Stereolithic Review

artist: 311 date: 04/04/2014 category: compact discs
311: Stereolithic
Released: Mar 11, 2014
Genre: Alternative Rock, Reggae Rock, Rap Rock
Label: 311 Records
Number Of Tracks: 15
A return to form from the early days, while still showing a maturing and growth in their sound. This is also the band's first indie release since 1991.
 Sound: 9
 Lyrics: 9
 Overall Impression: 9
 Overall rating:
 8.3 
 Reviewer rating:
 9 
 Users rating:
 7.5 
 Votes:
 17 
review (1) pictures (1) 10 comments vote for this album:
overall: 9
Stereolithic Featured review by: UG Team, on april 04, 2014
3 of 4 people found this review helpful

Sound: 311 have been doing their thing for a long time - since 1988 - which means they've been around for 26 years. In that time they crafted a sound that was initially all their own by combining elements of reggae, ska, funk and rap with rock music. They were soon copied by a LOT of bands in the '90s and into the early 2000's. The band continued to change over time, especially as the label seemed to take more and more control over the band's sound. "STER30L1TH1C" is the band's eleventh studio album and the first indie release since the band's first few EPs, which were released before they were signed. The album contains 16 tracks including the last "hidden track," and clocks in at just under an hour. The track "Five of Everything" was released as a single from the album in early February. 

The album starts with the track "Ebb and Flow," which really could almost have come straight off of their self-titled album from 1995. Next is the single from the album, "Five of Everything," which has 311's signature reggae-rock sound, but comes at it from an angle different than their normal "happy" high energy sound. "Showdown" utilizes some heavy guitar and an interesting little lead guitar line in the intro, but quickly flows into some reggae. "Revelation of the Year" has a really funky sound to it but the entire song had me waiting for a really aggressive slap bass to come in. In "Sand Dollars" there is a cool bass line, with a short little bass solo, that sounds like something you would hear in some old school reggae and makes me feel all warm and fuzzy inside. "Boom Shanka" has some of the heaviest guitars from the album but still comes off as really chill. "Make It Rough" is getting back to a cleaner guitar sound, and another song that has a very classic reggae sound to it in the verses, musically, but with more modern sounding vocals. The choruses are a little bit heavier with an interesting little guitar hook/mini-solo. "The Great Divide" opens up with some rapped lyrics and a repetitive little guitar riff, but very reminiscent of 311's earlier work. "Friday Afternoon" makes use of a fat dollop of delay on the rhythm guitar, and almost slurred vocals that make this track the ideal little chill out song. There are some heavier guitars that come in later in the track and the song is very riff-driven from that point. "Simple True" finally has an intro with the slap bass I've been listening for the whole album. The song is a really good mix of funk and reggae. "First Dimension" is another one of the heavier songs with a repetitive guitar part with the song being mainly carried by the vocals over the instrumentation. "Made in the Shade" has some serious effects going on with the guitar, and is a kind of sad/nostalgic vibe running strong through the whole track. "Existential Hero" makes use of heavy guitar riffs, and some rapped vocals and an epic vibe. You also here BOTH vocalists rap on this one. "The Call" is a faster-paced reggae rock track, and probably one of my favorites from the album. "Tranquility" is kind of like an "everything is going to be okay" song, which ends with an awesome guitar yet simple guitar solo. The "Hidden Track" is basically 2 1/2 minutes of crickets and chimes. I've got to say, I loved this album. // 9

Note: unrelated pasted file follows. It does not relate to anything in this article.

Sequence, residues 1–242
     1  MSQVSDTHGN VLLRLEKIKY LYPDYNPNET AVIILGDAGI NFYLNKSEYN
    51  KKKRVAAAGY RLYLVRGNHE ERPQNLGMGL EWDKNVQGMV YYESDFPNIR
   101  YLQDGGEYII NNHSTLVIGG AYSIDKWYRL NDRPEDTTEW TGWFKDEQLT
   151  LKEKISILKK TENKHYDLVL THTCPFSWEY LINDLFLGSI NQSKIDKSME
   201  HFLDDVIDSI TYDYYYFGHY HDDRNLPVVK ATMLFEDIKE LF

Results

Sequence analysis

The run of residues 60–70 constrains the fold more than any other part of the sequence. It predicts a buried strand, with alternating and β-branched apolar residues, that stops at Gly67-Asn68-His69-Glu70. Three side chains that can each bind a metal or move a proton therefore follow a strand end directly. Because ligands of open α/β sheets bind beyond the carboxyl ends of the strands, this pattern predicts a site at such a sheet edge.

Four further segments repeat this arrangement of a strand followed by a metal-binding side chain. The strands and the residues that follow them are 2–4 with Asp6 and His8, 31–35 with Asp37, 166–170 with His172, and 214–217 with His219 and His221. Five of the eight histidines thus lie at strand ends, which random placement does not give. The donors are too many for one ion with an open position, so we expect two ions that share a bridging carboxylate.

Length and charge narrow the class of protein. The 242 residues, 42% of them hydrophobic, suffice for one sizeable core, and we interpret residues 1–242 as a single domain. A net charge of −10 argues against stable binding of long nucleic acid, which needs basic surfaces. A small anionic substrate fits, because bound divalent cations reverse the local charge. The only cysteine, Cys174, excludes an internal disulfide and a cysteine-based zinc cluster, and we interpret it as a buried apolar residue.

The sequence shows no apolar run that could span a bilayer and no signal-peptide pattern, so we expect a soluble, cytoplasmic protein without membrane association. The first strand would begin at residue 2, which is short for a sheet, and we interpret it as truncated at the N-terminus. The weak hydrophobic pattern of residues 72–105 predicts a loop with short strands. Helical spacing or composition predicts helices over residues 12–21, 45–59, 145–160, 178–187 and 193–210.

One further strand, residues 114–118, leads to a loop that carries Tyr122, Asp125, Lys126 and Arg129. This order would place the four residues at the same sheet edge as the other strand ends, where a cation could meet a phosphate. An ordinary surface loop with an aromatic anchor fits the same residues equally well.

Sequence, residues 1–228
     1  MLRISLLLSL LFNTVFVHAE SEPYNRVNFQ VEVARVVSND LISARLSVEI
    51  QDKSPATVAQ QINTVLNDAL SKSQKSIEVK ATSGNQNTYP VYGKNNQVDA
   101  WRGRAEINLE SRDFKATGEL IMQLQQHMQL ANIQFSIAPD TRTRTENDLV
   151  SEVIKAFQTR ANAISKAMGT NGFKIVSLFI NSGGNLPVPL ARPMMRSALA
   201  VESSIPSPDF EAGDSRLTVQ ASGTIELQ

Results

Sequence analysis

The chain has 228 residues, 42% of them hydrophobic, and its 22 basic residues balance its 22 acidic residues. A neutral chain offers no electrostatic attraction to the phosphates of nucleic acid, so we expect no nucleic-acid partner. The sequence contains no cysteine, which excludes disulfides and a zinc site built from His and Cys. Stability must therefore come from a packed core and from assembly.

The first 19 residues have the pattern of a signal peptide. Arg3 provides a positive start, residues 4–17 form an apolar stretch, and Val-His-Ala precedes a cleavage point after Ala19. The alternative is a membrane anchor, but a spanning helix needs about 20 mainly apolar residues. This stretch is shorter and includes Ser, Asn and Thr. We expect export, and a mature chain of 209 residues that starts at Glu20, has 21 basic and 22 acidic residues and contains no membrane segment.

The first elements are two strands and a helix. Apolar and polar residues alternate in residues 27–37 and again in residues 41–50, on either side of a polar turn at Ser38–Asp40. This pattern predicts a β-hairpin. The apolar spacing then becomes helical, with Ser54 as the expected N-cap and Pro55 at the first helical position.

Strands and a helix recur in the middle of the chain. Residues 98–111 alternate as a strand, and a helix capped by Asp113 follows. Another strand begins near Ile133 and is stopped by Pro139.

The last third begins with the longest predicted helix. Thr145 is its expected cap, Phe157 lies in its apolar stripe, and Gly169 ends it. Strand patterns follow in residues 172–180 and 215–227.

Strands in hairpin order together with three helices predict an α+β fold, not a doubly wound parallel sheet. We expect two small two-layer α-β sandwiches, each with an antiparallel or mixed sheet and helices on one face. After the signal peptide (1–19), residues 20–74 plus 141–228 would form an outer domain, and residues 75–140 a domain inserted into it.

Lyrics: Nick Hexum and "SA" Martinez have been doing vocals for the band since the early days, and they've created a style of trading off harmony and using singing and rapping in a very seamless way. They've mastered their style of vocals over the years, and at this point their vocal abilities are still in their prime despite their aging. As a sample of the lyrics, here are some from the track "Tranquility": "Journey in peace now/ you don't have to be afraid/ though mistakes, they have been made/ journey in peace now/ No you can't go around it/ you have to walk right through it/ my father told me that so long ago/ every time that you ignore it/ it gets a little more/ you just have to walk toward/ the fear to go/ don't be afraid/ it's all part of the plan for us/ don't be afraid/ it's all part of the plan for us/ all that you hold dear/ is on the other side of that fear." I love the positivity that 311 brings to the table, and the lyrics from "Tranquility" are a great example of that. // 9

Overall Impression: There is definitely a strong vein of nostalgia present in the album, but I don't think this is necessarily a bad thing. The band doesn't seem to be going backwards so much as they seem to be grasping around to find their identity now that they are taking active steps to get out of the control of labels. Yes, the band does seem like they're experimenting with guitar effects and tones just for kicks at times, but is that really so bad? Honestly, at times it felt like 311 was approaching the studio like a new band finding out what kind of music they were trying to make and how they were going to go about it, and I like the results. My favorite tracks from the album are "The Call," "Ebb and Flow," and "Tranquility." The whole album is really one that I could play from beginning to end without feeling any real lulls. // 9



- Brandon East (c) 2014

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